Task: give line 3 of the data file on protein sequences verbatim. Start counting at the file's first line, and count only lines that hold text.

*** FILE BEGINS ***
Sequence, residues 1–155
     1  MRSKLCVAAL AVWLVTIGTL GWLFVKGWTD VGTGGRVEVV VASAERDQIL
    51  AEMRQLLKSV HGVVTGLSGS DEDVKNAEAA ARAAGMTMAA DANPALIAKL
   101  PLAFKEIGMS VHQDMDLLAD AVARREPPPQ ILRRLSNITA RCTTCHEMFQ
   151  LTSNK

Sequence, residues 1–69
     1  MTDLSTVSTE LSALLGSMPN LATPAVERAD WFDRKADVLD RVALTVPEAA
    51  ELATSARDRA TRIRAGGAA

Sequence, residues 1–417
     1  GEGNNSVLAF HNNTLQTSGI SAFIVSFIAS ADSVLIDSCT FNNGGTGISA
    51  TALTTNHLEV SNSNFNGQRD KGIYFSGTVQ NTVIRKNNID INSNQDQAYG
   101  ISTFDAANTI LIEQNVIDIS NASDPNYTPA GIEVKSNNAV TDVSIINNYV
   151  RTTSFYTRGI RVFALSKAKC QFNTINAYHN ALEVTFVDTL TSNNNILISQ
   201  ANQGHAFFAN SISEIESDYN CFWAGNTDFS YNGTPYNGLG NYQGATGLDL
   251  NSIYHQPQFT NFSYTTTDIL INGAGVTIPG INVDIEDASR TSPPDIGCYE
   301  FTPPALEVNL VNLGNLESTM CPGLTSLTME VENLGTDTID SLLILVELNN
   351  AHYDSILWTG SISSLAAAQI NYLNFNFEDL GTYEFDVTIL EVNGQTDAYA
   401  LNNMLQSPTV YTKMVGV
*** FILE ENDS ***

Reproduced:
    51  AEMRQLLKSV HGVVTGLSGS DEDVKNAEAA ARAAGMTMAA DANPALIAKL